Thursday, January 28, 2010
Lawsuit to Protect Endangered Species from Pesticides
Lawsuit Initiated to Protect Hundreds of Endangered Species From Pesticide Impacts
“It’s time for the Environmental Protection Agency to finally reform pesticide use to protect both wildlife and people,” said Jeff Miller, a conservation advocate with the Center for Biological Diversity. “Many endangered species most affected by toxic pesticides are already struggling to cope with habitat loss and rapid climate changes. For too long this agency’s oversight has been abysmal, allowing the pesticide industry to unleash a virtual plague of toxic chemicals into our environment.”
More than a billion pounds of pesticides are used each year in the United States, and the Environmental Protection Agency has registered more than 18,000 different pesticides for use. Extensive scientific studies have shown that pesticide contamination is widespread and pervasive in groundwater, drinking water, and aquatic habitat for fish and wildlife throughout the country. Through pesticide drift and runoff, pesticides often travel far from the areas where they’re applied and into sensitive wildlife habitats. Some contaminated waterways are regularly subjected to toxic pulses of combinations of pesticides deadly to fish. Pesticides have played a major role in the collapse of many native fish populations and are a leading cause of the loss of native amphibians.
Today’s notice letter references 887 endangered and threatened species that may be hurt by pesticides Some examples include the Florida panther, coho salmon, California condor, Everglade snail kite, northern Aplomado falcon, mountain yellow-legged frog, California tiger salamander, arroyo toad, Indiana bat, and green sturgeon. Thousands of non-target animals such as mountain lions, bobcats, hawks, and owls are killed or harmed each year by poisoned baits approved by the EPA, as are endangered species such as the San Joaquin kit fox, Utah prairie dog, giant kangaroo rat, and black-footed ferret. Application of pesticides such as carbofuran to crops can result in as many as 17 bird kills for every five acres treated.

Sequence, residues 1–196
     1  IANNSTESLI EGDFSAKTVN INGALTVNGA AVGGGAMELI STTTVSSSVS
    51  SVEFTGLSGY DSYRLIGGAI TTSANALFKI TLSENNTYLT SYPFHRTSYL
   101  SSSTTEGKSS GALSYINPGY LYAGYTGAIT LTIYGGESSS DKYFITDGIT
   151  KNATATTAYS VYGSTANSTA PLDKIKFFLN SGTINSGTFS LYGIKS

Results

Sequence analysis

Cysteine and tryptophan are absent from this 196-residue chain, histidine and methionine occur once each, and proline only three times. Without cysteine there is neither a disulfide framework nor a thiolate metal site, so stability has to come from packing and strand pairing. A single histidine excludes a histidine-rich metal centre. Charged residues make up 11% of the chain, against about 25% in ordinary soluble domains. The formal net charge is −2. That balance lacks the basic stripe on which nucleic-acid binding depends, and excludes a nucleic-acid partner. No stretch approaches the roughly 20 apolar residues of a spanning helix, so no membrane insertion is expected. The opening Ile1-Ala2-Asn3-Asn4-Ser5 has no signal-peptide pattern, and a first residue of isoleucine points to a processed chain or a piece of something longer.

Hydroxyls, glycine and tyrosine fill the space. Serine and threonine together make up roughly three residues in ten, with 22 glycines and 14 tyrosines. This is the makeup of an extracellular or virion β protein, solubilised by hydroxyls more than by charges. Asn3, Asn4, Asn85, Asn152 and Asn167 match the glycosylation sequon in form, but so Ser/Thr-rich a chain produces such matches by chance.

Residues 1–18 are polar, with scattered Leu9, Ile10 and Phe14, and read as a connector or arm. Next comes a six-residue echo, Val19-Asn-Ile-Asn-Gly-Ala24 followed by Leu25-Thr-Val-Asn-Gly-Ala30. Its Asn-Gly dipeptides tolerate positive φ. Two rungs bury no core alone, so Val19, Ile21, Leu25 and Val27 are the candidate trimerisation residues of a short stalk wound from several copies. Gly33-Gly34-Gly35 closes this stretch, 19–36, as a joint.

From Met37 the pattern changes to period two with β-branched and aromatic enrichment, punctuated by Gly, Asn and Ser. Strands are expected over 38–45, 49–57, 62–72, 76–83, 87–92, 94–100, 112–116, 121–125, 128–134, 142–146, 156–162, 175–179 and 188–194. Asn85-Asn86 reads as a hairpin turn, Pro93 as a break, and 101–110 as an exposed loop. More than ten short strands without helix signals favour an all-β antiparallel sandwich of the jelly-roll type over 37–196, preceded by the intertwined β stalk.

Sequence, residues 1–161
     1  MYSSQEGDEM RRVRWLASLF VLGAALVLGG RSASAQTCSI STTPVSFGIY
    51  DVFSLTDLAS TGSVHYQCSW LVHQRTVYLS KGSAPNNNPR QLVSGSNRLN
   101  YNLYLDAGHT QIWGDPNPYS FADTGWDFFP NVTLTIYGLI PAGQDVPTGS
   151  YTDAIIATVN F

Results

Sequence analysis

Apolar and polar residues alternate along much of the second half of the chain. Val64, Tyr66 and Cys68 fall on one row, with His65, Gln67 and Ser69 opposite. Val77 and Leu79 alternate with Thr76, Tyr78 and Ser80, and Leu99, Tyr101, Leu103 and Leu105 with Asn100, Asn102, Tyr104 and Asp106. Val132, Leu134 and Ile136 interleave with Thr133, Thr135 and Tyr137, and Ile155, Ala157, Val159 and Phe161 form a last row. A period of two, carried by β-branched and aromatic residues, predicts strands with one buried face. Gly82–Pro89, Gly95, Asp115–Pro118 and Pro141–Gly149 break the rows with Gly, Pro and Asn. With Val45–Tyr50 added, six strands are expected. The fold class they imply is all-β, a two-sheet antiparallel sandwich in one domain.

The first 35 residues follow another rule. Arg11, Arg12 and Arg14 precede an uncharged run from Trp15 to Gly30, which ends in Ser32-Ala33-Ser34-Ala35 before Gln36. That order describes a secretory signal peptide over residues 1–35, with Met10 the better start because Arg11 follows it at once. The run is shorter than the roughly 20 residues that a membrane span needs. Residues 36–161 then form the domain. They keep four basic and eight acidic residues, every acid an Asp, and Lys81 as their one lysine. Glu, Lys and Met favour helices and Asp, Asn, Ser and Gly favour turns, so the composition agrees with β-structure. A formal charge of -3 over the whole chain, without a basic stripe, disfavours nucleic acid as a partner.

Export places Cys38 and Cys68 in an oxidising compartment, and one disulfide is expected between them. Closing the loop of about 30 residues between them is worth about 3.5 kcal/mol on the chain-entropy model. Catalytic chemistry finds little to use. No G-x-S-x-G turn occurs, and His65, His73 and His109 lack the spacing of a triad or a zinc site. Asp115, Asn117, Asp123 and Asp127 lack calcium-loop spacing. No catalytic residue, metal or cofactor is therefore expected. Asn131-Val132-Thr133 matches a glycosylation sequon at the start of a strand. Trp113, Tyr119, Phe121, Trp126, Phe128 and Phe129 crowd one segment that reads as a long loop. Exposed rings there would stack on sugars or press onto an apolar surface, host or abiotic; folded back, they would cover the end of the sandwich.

“Millions of pounds of toxic and poisonous chemicals, including known carcinogens and endocrine disruptors, find their way into our waterways each year, causing significant and unnecessary threats to endangered wildlife and to human health,” said Miller. “The Environmental Protection Agency needs to analyze the effects of pesticides across the board on hundreds of imperiled species.”
Numerous pesticides act as endocrine disruptors, chemicals that alter the structure or function of the body’s endocrine system, which uses hormones to regulate growth, metabolism, and tissue function. Endocrine disruptors interfere with natural hormone functions, damaging reproductive function and offspring, and cause developmental, neurological, and immune problems in wildlife and humans. Pesticides have caused sexual deformities such as intersex fish (with male and female reproductive parts) that cannot reproduce, and the herbicide atrazine chemically castrates male frogs at extremely low concentrations.
In 2004 the Center published Silent Spring Revisited: Pesticide Use and Endangered Species, detailing the Environmental Protection Agency’s dismal record in protecting endangered species from pesticides. The Center’s Pesticides Reduction Campaign has so far forced the Environmental Protection Agency to begin evaluating the harmful effects of scores of pesticides on a dozen endangered species in California.